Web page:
The Center for Election Innovation’s David Becker told the Associated Press that changing one’s vote is “extremely rare.” Becker explained, “It’s hard enough to get people to vote once — it’s highly unlikely anybody will go through this process twice.”

Trump’s post on Facebook was accompanied by a link to Facebook’s Voting Information Center.
Facebook

At the time of publication, Trump’s false claims had drawn about 84,000 and 187,000 “Likes” on Twitter and Facebook, respectively. Trump’s posts accelerated searches about changing your vote in places like the swing state of Florida, where changing one’s vote after casting it is not possible. Those numbers are a reminder of the president’s capacity to spread misinformation quickly.

On Facebook, the president’s post came with a label directing people to Facebook’s Voting Information Center, but no fact-checking label. Twitter had no annotation on the president’s post. Neither company responded to a request for comment.

That Trump is willing to spread misinformation to benefit himself and his campaign isn’t a surprise. He does that a lot. Still, just days before a presidential election in which millions have already voted, this latest episode demonstrates that the president has no qualms about using false claims about voting to cause confusion and sow doubt in the electoral process.

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Nearly 6,000 civilian casualties in Afghanistan so far this year

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From January to September, 5,939 civilians – 2,117 people killed and 3,822 wounded – were casualties of the fighting, the UN says.

Nearly 6,000 Afghan civilians were killed or wounded in the first nine months of the year as heavy fighting between government forces and Taliban fighters rages on despite efforts to find peace, the United Nations has said.

From January to September, there were 5,939 civilian casualties in the fighting – 2,117 people killed and 3,822 wounded, the UN Assistance Mission in Afghanistan (UNAMA) said in a quarterly report on Tuesday.

“High levels of violence continue with a devastating impact on civilians, with Afghanistan remaining among the deadliest places in the world to be a civilian,” the report said.

Civilian casualties were 30 percent lower than in the same period last year but UNAMA said violence has failed to slow since the beginning of talks between government negotiators and the Taliban that began in Qatar’s capital, Doha, last month.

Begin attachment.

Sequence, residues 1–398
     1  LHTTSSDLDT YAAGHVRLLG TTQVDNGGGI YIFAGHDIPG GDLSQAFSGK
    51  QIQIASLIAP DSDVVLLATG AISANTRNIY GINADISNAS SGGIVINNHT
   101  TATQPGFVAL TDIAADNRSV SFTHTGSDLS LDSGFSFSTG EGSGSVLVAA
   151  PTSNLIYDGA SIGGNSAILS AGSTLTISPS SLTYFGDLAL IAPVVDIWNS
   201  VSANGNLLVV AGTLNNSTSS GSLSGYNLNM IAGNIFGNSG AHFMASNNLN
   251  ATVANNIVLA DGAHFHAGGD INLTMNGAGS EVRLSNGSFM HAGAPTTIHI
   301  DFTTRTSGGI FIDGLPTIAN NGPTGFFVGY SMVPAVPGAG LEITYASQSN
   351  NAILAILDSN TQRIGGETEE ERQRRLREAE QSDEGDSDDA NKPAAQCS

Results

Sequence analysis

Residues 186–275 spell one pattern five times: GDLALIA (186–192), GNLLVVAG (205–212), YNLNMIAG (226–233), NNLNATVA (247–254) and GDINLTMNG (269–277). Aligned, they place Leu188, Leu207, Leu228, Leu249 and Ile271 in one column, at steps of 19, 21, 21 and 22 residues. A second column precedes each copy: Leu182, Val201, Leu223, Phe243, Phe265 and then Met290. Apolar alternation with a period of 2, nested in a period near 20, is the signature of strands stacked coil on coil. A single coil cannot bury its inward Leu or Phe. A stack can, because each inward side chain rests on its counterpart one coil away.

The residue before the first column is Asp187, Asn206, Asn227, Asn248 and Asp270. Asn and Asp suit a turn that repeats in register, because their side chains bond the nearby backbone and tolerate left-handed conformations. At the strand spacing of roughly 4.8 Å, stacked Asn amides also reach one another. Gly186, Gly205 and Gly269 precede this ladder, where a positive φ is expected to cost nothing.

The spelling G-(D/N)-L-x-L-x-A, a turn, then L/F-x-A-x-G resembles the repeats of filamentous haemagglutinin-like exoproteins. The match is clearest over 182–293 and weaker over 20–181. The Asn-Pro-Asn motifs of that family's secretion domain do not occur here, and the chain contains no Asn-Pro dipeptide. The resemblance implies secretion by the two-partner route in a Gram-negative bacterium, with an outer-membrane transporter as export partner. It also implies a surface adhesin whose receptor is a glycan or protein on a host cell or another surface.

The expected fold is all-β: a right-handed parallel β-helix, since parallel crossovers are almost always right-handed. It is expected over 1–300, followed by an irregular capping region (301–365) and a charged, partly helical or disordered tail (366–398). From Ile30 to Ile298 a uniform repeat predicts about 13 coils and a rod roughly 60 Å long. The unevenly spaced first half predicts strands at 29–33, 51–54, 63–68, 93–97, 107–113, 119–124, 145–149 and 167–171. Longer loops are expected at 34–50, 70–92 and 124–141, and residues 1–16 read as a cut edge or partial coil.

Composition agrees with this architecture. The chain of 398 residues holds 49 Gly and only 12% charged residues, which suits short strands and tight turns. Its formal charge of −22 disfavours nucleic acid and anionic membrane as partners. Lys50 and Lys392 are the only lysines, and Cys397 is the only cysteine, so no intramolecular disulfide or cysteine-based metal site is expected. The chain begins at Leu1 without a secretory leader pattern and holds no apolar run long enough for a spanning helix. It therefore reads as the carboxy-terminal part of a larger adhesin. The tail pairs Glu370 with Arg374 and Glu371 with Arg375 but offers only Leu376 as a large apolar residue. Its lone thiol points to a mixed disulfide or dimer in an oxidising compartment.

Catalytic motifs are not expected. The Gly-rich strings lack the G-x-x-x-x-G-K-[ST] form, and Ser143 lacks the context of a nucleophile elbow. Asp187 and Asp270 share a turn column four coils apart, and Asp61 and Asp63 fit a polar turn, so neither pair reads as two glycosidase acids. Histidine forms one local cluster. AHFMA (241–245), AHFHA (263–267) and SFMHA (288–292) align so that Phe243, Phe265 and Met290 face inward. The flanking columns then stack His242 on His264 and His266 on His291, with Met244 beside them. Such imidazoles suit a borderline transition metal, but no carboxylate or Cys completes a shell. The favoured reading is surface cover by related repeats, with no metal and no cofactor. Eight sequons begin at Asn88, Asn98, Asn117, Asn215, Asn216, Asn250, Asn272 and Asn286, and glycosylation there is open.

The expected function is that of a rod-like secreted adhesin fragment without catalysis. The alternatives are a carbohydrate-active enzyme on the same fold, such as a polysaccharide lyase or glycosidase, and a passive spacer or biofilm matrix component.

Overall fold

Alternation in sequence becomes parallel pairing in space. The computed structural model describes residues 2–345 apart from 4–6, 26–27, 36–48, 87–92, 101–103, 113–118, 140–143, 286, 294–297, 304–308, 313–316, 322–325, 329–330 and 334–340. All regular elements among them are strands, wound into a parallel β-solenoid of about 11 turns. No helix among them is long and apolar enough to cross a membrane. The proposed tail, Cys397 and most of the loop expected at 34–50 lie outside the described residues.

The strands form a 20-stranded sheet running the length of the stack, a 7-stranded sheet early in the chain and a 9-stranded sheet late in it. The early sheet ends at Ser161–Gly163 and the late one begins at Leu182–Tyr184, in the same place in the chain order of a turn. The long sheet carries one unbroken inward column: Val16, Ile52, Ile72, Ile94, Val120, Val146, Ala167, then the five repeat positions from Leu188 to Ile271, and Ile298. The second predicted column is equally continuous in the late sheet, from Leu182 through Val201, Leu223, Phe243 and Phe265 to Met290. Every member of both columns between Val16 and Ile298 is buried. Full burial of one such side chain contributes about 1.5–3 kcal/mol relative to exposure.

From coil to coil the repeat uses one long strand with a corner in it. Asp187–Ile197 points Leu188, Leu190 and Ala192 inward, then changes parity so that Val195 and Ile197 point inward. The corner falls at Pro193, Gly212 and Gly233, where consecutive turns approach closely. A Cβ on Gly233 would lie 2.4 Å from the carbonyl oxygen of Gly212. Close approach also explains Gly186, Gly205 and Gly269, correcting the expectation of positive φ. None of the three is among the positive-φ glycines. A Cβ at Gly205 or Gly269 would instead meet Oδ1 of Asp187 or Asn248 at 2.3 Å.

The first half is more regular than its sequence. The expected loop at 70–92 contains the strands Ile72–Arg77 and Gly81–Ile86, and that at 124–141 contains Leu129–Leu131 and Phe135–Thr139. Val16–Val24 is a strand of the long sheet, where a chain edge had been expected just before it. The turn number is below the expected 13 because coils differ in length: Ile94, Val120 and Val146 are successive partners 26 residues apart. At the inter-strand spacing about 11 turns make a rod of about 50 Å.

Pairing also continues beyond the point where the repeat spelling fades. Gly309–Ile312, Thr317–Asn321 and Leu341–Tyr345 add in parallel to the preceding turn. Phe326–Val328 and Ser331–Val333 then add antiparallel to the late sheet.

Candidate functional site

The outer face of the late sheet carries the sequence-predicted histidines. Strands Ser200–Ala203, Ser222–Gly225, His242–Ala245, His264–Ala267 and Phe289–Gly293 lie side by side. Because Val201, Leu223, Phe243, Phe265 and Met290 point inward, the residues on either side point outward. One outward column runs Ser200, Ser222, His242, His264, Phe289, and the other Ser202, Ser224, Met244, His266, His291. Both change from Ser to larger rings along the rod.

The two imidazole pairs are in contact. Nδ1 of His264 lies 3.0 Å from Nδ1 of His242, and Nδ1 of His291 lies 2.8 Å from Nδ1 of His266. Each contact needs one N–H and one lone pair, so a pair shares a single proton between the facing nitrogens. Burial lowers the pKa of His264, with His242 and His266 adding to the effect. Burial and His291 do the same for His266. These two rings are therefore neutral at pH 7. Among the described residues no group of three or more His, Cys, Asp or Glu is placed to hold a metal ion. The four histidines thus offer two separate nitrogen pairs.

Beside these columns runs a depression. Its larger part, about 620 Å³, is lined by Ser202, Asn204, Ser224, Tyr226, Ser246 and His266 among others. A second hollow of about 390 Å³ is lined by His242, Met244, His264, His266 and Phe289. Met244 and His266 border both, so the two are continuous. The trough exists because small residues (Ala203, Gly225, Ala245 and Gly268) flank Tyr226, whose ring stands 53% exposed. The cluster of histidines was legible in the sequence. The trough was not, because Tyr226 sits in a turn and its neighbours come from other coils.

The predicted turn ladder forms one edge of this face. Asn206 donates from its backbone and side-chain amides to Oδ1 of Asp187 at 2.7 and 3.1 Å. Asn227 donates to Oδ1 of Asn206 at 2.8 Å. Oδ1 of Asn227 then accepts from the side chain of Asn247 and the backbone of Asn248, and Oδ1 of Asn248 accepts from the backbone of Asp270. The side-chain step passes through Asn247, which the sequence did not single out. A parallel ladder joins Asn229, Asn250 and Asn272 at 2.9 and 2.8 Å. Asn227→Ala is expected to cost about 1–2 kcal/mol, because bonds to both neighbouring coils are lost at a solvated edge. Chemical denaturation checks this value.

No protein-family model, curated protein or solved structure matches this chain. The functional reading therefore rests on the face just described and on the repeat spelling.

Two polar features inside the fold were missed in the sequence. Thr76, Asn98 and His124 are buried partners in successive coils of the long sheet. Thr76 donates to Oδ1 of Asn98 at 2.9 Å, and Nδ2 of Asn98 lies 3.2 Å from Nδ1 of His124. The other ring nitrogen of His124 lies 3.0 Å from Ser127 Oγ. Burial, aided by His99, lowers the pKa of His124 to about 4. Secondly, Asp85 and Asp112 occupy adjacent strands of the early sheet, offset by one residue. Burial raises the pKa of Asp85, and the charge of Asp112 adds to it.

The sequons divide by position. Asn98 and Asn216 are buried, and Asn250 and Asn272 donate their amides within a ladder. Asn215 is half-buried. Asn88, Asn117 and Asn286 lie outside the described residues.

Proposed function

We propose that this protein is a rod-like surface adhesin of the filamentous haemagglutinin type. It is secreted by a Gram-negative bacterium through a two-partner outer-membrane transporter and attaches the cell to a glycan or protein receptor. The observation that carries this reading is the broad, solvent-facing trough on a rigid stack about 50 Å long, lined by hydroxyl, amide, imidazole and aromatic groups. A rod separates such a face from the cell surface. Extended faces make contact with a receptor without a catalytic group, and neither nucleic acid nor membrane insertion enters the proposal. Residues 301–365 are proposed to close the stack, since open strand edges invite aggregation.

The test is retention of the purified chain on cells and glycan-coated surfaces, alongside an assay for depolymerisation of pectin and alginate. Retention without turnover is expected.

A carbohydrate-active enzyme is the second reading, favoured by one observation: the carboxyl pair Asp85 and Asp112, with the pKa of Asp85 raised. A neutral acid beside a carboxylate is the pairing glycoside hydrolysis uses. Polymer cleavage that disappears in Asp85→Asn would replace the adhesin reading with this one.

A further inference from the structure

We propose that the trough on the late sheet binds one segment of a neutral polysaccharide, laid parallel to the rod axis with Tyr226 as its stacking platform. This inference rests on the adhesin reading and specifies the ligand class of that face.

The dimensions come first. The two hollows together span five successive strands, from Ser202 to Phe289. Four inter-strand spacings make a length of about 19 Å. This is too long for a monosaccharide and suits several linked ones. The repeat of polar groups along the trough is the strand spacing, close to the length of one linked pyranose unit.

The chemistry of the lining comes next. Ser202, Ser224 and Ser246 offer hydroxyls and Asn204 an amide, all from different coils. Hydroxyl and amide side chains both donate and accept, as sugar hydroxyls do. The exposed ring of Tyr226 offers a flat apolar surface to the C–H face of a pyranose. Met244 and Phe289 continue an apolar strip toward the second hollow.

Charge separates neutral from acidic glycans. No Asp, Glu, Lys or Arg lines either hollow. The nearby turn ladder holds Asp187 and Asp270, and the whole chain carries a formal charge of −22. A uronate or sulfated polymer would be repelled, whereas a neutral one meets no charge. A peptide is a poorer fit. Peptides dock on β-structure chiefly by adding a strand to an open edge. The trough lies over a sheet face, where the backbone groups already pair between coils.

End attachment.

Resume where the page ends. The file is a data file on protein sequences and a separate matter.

An injured girl receives treatment at a hospital after an attack in Khost province [Anwarullah/Reuters]

The Taliban was responsible for 45 percent of civilian casualties while government troops caused 23 percent, it said. United States-led international forces were responsible for two percent.

Most of the remainder occurred in crossfire, or were caused by ISIL (ISIS) or “undetermined” anti-government or pro-government elements, according to the report.

Ground fighting caused the most casualties followed by suicide and roadside bomb attacks, targeted killings by the Taliban and air raids by Afghan troops, the UN mission said.

Fighting has sharply increased in several parts of the country in recent weeks as government negotiators and the Taliban have failed to make progress in the peace talks.

At least 24 people , mostly teens, were killed in a suicide bomb attack at an education centre in Kabul [Mohammad Ismail/Reuters]

The Taliban has been fighting the Afghan government since it was toppled from power in a US-led invasion in 2001.

Washington blamed the then-Taliban rulers for harbouring al-Qaeda leaders, including Osama bin Laden. Al-Qaeda was accused of plotting the 9/11 attacks.

Calls for urgent reduction of violence

Meanwhile, the US envoy for Afghanistan, Zalmay Khalilzad, said on Tuesday that the level of violence in the country was still too high and the Kabul government and Taliban fighters must work harder towards forging a ceasefire at the Doha talks.

Khalilzad made the comments before heading to the Qatari capital to hold meetings with the two sides.

“I return to the region disappointed that despite commitments to lower violence, it has not happened. The window to achieve a political settlement will not stay open forever,” he said in a tweet.

There needs to be “an agreement on a reduction of violence leading to a permanent and comprehensive ceasefire”, added Khalilzad.

A deal in February between the US and the Taliban paved the way for foreign forces to leave Afghanistan by May 2021 in exchange for counterterrorism guarantees from the Taliban, which agreed to sit with the Afghan government to negotiate a permanent ceasefire and a power-sharing formula.